Big Changes

Leaving is not hard for me. I’ve done it six times already.  You’re a vagabond, you live in your suitcase, you pack up and go.  And you’ll always have too many books, more books than you can take with you, books you leave behind but try your hardest to get back.

Leaving people is terrible, however.  You want to take them with you but you can’t separate them from the place.  As you move and you leave them, they almost stay frozen in time, in that one reality where you met them.  2008 in Madame with the hyphenated last name’s French class.  I remember a girl called Georgia with a guitar.  I remember people from high school and mix them up with the people I knew from college.  I come back and they’re gone.  I grow up and move on.

But not always.  I draw together the threads of my life and make a multicolored quilt of my different experiences.  Each person holds a strand and is woven throughout my existence.  Like Hedi.  Meeting him and everything changed.  I can’t separate my idea of him from his identity in Amiens, but we are certainly going to try.

The big news, if you haven’t already guessed, is manifold.  More things have happened in the space of a few weeks than in the past year.

Hedi and I got engaged.  That’s to say, we are now finally announcing it to the world for all of you to share in our joy.  There are so many implications to that simple declaration, that simple promise, that of course my whole world is changing.  My work offered me these beautiful flowers to marquer le coup.

Lovely, aren't they

Lovely, aren’t they?

For many reasons, we also decided that it would be best if we begin our careers, make a real start, in the United States. Neither of us are French citizens.  Europe is having many economic problems, and France’s individual unemployment rate has risen for 24 straight months, whereas the United States’s has been steadily (but slowly) declining.  I’m a U.S. citizen, and Hedi could benefit from learning to speak English fluently.  It might not be for a long time, but it will certainly mean that my experience as an expat will be (temporarily) suspended.  That’s ok.  I’ll write another blog.  I’ll learn more languages.  We’ll have more adventures.  Returning to my home country will be an adventure in itself, because for the first time, I won’t be (primarily) a student.  I still want to take part-time MBA classes as I’m interested in economics and the corporate world.  But I’ll mostly be working, saving, living, and making a life for myself.

In Connecticut. That’s right.  In the space of two weeks, I discovered a wonderful company (see an earlier post about how small the world is), got offered a freelance job, applied for a full-time position, interviewed, and got offered the job.  It’ll use my language skills, my multicultural sensitivity, my experience abroad, and my experience teaching English as a second language.  And it begins on July 15, so I will be flying back to the United States in a short two and a half weeks.  Hardly enough time to say good-bye before leaving.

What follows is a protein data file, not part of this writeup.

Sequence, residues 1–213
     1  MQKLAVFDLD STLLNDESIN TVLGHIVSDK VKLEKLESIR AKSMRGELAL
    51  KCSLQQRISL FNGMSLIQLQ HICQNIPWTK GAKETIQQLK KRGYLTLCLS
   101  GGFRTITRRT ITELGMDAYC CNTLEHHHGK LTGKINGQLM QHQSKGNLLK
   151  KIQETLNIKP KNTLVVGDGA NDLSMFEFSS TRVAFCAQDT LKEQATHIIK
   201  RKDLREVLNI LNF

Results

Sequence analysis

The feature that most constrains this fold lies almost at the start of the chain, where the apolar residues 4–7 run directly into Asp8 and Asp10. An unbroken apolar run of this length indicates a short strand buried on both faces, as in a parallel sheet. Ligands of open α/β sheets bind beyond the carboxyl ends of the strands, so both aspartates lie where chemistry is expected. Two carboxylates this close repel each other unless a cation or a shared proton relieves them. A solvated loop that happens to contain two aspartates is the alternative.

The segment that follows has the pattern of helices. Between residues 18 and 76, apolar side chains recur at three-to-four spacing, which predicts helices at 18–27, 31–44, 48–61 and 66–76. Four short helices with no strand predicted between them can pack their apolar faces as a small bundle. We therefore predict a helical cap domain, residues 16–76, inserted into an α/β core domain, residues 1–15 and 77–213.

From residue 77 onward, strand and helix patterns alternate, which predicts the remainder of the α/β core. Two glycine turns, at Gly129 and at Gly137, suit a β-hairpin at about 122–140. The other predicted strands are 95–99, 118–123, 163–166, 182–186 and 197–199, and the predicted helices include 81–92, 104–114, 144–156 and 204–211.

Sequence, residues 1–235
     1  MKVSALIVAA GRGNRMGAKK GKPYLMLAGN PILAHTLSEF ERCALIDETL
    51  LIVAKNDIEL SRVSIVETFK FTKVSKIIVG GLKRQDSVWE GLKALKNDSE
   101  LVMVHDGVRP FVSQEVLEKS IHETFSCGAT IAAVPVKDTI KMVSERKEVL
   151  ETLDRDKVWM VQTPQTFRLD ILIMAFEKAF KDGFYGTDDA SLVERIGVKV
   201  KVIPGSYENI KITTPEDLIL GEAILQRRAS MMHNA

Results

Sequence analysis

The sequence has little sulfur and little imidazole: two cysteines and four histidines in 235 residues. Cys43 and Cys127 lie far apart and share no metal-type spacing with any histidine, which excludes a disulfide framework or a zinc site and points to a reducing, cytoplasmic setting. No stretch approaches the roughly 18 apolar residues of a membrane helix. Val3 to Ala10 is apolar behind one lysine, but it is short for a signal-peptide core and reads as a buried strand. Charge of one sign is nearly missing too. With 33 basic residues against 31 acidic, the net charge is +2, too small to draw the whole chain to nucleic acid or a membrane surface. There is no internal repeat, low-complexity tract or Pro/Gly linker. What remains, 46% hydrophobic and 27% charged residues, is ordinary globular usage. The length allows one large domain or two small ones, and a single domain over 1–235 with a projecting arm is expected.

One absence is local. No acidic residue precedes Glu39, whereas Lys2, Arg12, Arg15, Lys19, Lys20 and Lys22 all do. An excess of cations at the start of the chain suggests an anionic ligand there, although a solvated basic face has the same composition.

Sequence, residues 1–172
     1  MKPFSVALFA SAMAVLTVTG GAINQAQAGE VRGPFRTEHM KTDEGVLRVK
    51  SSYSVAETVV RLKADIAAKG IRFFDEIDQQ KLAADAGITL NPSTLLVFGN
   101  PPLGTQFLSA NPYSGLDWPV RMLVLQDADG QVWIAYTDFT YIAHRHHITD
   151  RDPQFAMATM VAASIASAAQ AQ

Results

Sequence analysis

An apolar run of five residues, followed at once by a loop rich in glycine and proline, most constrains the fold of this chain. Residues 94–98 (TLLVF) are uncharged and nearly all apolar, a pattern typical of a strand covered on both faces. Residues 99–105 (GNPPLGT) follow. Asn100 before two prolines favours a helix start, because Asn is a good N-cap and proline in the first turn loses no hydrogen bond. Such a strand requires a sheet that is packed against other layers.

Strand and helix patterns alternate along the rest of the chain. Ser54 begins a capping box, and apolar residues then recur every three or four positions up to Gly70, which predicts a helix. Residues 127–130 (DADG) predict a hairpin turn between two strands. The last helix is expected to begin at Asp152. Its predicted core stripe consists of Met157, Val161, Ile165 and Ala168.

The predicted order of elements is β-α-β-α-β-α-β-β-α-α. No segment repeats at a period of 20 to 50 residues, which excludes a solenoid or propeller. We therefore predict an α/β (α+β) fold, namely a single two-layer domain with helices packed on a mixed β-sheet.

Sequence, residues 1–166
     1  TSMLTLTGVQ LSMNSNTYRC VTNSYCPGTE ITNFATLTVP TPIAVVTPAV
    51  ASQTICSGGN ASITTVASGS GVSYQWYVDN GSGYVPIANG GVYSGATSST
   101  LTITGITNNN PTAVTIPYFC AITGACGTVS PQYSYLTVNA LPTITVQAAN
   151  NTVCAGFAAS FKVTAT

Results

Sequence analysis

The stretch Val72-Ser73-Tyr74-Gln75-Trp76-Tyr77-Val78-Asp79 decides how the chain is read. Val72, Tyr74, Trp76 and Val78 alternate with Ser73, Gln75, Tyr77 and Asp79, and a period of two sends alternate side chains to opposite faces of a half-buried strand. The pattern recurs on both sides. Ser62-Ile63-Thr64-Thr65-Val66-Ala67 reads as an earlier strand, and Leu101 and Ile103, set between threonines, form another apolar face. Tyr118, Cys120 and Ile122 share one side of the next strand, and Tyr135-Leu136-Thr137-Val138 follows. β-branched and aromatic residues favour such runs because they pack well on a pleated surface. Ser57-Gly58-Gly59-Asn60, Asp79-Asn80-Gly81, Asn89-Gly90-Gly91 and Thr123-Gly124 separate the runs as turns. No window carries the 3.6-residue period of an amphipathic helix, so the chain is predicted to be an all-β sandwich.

What will I bring with me? Two suitcases full of clothes that are my only possessions and a carful of books (once I arrive at my mother’s house, where I’ve been hoarding them).  Leaving behind a fiancé for seven months, as he plods through English grammar and patiently awaits the K-1 fiancé visa.  As I begin a new life in a new town in a new state with a new job, a new (used) car, in a new apartment.  To tell you the truth, I’m more terrified than when I hopped on a plane to move to France ten months ago.

Do I regret leaving France? Yes and no.  I’m one to seize an opportunity, to say “Let’s go,” and to begin anew.  I know this isn’t the end of my French/European/foreign adventure.  I’ll be helping others expatriate as a living! It can’t get any better than that!  And in the meantime, I’ll keep you updated.  I plan to travel to New York, to Boston, to Quebec and Montreal, to Washington D.C., and I’ll finally have the pay check that will allow me to realistically travel on a more frequent basis.  I’ll be within an hour’s distance of one of my best friends.  And within a few months, I’ll be getting married.  There’s a chance that you might even be invited to one of our three possible weddings.  So I expect you to stay in touch in the meantime.

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Categories: Daily Life, Expats | Tags: , , , | 4 Comments

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4 thoughts on “Big Changes

  1. Pedro

    Where are you going to work? I’m so happy for you! I think it was a wise choice going back to the US in terms of job opportunities. Your French must already be really good so at least you can go back satisfied.

    You know, even though I’m thinking of returning to Europe myself, in the long run I don’t see myself living there forever. I would miss American/Puerto Rican culture too much or rather “la bouffe” and also the lack of bureaucracy. That’s one of the things I dislike the most of European culture.
    -Pedro

    • Salut Pedro,

      It’s a relocation company called Cartus. I too think it’s a wise choice, but I’m not putting any “for good” or “forever” labels to the move. It’ll certainly be an easier transition for me, but we do like living in Europe a lot. For the moment, the lack of job opportunities and quality of living with our current salary are big motivators. My French is very good but there are certain things that take years to perfect ;)

      Thanks for you message. We’re very excited ourselves.

  2. Karen La Rue

    Hi Colleen,
    What exciting news!
    Congratulations!
    When things unfold, it some how
    seems like they are meant to be….
    love you,
    Aunt Karen

    • Lovely mesage, Aunt Karen. I’m looking forward to seeing the family again soon. Wherever we end up (and we’ve certainly have moved far and wide), we will always remain close :)

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